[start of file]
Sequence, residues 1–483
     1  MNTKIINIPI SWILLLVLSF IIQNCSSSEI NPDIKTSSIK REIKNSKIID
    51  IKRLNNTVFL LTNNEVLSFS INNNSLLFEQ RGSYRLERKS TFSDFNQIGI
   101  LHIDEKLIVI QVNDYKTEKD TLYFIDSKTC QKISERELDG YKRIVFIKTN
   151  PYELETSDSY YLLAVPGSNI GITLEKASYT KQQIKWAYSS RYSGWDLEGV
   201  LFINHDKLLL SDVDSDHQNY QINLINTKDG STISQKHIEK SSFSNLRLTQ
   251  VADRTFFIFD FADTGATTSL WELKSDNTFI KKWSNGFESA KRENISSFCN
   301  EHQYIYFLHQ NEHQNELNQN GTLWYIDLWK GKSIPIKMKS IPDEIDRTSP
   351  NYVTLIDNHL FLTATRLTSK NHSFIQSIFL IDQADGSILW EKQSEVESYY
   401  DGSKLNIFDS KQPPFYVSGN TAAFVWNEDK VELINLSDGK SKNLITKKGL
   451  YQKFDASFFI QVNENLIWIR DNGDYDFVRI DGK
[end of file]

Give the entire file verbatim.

Sequence, residues 1–483
     1  MNTKIINIPI SWILLLVLSF IIQNCSSSEI NPDIKTSSIK REIKNSKIID
    51  IKRLNNTVFL LTNNEVLSFS INNNSLLFEQ RGSYRLERKS TFSDFNQIGI
   101  LHIDEKLIVI QVNDYKTEKD TLYFIDSKTC QKISERELDG YKRIVFIKTN
   151  PYELETSDSY YLLAVPGSNI GITLEKASYT KQQIKWAYSS RYSGWDLEGV
   201  LFINHDKLLL SDVDSDHQNY QINLINTKDG STISQKHIEK SSFSNLRLTQ
   251  VADRTFFIFD FADTGATTSL WELKSDNTFI KKWSNGFESA KRENISSFCN
   301  EHQYIYFLHQ NEHQNELNQN GTLWYIDLWK GKSIPIKMKS IPDEIDRTSP
   351  NYVTLIDNHL FLTATRLTSK NHSFIQSIFL IDQADGSILW EKQSEVESYY
   401  DGSKLNIFDS KQPPFYVSGN TAAFVWNEDK VELINLSDGK SKNLITKKGL
   451  YQKFDASFFI QVNENLIWIR DNGDYDFVRI DGK